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Vitamin D From Tomatoes

Researchers in the UK have gene-edited tomatoes so their fruit contains vitamin D, Reuters reports.

Vitamin D, it notes, is needed for the development of strong teeth and bones. While it is produced by the body following exposure to sunlight, Reuters adds that its major source is from dairy and meat. But according to the researchers from the John Innes Centre, about 1 billion people have low vitamin D levels, which can affect risk of diseases like cancer.

As they report in Nature Plants this week, they used CRISPR-Cas9 to coax 7-dehydrocholesterol, a vitamin D precursor that is also known as provitamin D3, to be produced by tomato fruit. It is already produced by tomato leaves. The Innes team reports that one of their tomatoes harbored 30 percent of the recommended daily vitamin D amount when green and 20 percent when red.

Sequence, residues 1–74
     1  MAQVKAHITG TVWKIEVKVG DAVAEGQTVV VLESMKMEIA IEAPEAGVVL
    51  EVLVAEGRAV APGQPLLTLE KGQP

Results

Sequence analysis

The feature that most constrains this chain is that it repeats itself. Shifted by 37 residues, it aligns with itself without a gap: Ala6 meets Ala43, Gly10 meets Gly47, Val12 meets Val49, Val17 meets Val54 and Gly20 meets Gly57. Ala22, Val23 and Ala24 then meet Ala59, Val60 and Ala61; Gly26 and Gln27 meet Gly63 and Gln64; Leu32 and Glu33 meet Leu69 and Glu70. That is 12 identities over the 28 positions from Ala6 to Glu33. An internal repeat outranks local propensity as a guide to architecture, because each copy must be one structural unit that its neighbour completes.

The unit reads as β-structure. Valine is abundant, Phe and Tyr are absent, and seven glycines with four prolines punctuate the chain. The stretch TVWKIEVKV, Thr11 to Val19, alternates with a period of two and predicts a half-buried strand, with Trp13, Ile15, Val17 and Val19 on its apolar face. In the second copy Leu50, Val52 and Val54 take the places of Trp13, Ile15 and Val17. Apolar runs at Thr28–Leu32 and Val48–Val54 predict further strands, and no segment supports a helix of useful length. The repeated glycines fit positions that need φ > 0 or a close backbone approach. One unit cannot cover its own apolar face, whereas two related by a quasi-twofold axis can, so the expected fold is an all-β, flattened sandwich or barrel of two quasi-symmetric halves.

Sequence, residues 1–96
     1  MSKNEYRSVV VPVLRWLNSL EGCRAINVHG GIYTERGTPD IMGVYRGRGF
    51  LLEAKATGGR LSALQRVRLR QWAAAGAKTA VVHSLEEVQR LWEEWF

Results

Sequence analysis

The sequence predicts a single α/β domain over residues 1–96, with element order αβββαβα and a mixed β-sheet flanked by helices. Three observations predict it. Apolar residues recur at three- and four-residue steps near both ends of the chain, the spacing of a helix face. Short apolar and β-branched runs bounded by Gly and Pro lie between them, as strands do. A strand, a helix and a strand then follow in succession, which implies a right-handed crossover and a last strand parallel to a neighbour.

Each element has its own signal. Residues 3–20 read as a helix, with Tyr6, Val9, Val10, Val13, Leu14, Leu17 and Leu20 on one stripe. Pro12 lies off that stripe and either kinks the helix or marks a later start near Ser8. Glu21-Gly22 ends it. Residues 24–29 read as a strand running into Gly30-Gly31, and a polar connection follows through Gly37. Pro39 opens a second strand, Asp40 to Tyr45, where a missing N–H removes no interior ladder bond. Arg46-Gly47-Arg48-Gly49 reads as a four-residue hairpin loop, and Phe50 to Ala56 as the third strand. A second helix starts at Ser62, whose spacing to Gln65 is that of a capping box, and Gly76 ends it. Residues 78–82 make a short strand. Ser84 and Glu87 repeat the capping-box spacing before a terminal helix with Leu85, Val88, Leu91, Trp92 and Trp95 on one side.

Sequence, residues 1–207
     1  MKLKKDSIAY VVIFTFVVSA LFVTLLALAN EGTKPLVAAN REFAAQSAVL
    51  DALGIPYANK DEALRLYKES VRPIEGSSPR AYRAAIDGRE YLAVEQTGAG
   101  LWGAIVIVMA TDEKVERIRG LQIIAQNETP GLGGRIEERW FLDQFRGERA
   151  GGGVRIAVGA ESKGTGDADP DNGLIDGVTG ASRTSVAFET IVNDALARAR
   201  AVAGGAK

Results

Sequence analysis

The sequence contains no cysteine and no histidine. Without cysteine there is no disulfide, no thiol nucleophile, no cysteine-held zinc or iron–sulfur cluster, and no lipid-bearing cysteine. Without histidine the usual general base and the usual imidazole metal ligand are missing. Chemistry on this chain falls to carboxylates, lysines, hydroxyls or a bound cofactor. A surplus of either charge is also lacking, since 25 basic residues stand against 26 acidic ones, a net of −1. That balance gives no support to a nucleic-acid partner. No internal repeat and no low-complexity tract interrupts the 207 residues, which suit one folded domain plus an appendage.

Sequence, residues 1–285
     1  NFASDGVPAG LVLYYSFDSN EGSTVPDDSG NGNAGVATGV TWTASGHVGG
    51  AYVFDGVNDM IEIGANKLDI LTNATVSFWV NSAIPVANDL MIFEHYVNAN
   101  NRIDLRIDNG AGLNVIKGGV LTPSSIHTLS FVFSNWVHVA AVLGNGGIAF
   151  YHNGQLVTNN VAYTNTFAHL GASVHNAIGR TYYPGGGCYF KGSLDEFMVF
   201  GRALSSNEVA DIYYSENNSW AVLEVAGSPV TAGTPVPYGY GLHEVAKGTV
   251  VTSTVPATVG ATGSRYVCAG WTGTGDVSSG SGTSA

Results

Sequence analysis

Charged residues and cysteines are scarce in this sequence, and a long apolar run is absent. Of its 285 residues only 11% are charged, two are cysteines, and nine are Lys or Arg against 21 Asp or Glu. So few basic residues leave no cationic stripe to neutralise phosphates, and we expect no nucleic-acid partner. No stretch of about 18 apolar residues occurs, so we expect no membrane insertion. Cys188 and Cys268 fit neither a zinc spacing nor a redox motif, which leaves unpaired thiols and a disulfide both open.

"I think that having a dietary source (of vitamin D) in the form of a plant also means that you can get added benefit from eating tomatoes. We don't eat enough fruit and veg anyway. A tomato is a good source of vitamin C as well," coauthor Cathie Martin from Innes said at a news briefing, according to CNN.

The Scan

Pig Organ Transplants Considered

The Wall Street Journal reports that the US Food and Drug Administration may soon allow clinical trials that involve transplanting pig organs into humans.

'Poo-Bank' Proposal

Harvard Medical School researchers suggest people should bank stool samples when they are young to transplant when they later develop age-related diseases.

Spurred to Develop Again

New Scientist reports that researchers may have uncovered why about 60 percent of in vitro fertilization embryos stop developing.

Science Papers Examine Breast Milk Cell Populations, Cerebral Cortex Cellular Diversity, Micronesia Population History

In Science this week: unique cell populations found within breast milk, 100 transcriptionally distinct cell populations uncovered in the cerebral cortex, and more.